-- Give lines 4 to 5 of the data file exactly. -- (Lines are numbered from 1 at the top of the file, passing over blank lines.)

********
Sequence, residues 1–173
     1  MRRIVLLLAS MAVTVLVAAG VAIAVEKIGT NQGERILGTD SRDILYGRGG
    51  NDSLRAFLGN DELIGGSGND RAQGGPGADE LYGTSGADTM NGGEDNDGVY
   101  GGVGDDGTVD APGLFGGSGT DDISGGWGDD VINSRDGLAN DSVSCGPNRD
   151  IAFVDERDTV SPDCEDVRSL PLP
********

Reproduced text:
   101  GGVGDDGTVD APGLFGGSGT DDISGGWGDD VINSRDGLAN DSVSCGPNRD
   151  IAFVDERDTV SPDCEDVRSL PLP